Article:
Born in the town of Hampden, Maine, she grew up first in Worcester, Massachusetts. At the age of twelve, she sought refuge with her wealthy grandmother in Boston to get away from her alcoholic parents and abusive father. She was the first child of three born to Joseph Dix and Mary Bigelow, who had deep ancestral roots in Massachusetts Bay Colony. Her father was an itinerant worker. About 1821 Dix opened a school in Boston, which was patronized by well-to-do families. Soon afterward she also began teaching poor and neglected children at home, but she suffered poor health. From 1824 to 1830, she wrote devotional books and stories for children. Her Conversations on Common Things (1824) reached its sixtieth edition by 1869. In 1831 she established a model school for girls in Boston, operating it until 1836, when she had another health breakdown. In hopes of a cure, in 1836 she traveled to England, where she met the Rathbone family. They invited her as a guest to Greenbank, their ancestral mansion in Liverpool. The Rathbones were Quakers and prominent social reformers. At Greenbank, Dix met their circle of men and women who believed that government should play a direct, active role in social welfare. She was also introduced to the reform movement for care of the mentally ill in Great Britain, known as lunacy reform. Its members were making deep investigations of madhouses and asylums, publishing their studies in reports to the House of Commons.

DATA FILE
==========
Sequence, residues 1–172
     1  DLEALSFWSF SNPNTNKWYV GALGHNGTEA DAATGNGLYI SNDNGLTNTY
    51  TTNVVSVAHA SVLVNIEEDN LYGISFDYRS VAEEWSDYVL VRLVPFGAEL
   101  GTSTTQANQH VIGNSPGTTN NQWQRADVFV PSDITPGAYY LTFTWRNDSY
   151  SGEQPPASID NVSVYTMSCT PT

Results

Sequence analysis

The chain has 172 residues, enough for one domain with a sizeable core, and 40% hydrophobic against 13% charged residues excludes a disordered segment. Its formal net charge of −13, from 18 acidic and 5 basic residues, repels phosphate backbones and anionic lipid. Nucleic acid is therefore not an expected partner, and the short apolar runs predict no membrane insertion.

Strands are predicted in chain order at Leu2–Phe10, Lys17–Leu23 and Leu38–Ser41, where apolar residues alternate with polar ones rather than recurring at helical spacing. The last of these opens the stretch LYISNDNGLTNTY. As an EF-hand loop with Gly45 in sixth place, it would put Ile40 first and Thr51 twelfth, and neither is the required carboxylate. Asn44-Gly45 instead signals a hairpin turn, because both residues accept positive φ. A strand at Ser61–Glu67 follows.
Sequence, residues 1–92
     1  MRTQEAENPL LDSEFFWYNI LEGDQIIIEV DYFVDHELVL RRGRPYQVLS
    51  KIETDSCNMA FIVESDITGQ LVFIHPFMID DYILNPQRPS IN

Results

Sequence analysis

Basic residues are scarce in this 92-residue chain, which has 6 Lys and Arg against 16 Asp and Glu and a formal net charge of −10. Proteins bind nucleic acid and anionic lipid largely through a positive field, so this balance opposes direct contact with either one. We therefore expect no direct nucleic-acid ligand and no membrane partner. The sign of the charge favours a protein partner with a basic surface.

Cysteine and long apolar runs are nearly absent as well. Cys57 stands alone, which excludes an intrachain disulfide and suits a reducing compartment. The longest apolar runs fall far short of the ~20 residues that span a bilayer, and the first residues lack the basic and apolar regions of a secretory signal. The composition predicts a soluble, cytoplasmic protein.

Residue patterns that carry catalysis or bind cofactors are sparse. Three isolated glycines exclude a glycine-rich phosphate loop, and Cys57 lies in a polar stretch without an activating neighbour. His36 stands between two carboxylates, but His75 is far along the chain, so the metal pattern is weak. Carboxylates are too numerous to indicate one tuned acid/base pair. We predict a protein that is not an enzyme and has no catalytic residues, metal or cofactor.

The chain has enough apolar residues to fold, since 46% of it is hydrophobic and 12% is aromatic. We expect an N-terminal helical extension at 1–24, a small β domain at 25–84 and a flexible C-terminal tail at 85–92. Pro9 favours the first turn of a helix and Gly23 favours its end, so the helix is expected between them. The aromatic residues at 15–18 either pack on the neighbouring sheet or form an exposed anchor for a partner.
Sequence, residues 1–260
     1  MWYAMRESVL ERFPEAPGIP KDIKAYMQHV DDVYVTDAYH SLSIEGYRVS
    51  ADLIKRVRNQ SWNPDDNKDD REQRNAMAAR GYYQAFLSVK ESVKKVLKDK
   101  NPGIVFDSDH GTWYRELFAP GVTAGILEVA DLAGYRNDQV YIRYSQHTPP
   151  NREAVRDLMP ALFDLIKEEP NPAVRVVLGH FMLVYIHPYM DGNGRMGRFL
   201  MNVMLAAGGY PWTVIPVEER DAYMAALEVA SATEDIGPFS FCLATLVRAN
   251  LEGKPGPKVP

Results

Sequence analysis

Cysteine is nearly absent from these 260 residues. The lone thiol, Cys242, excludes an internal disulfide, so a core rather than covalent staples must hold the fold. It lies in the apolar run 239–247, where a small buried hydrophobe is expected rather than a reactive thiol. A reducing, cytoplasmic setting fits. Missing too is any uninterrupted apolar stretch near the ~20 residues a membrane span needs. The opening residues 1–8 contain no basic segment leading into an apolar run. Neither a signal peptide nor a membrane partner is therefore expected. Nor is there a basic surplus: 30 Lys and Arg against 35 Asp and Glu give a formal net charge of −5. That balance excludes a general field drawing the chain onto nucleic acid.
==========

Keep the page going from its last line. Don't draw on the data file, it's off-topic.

Reform movements for treatment of the mentally ill were related in this period to other progressive causes: abolitionism, temperance, and voter reforms. After returning to America, in 1840-41 Dix conducted a statewide investigation of care for the insane poor in Massachusetts. In most cases, towns contracted with local individuals to care for mentally ill people who could not care for themselves and lacked family/friends to do so. Unregulated and underfunded, this system resulted in widespread abuse. Dix published the results in a fiery report, a Memorial, to the state legislature. “I proceed, Gentlemen, briefly to call your attention to the present state of Insane Persons confined within this Commonwealth, in cages, stalls, pens! Chained, naked, beaten with rods, and lashed into obedience.” Her lobbying resulted in a bill to expand the state’s mental hospital in Worcester.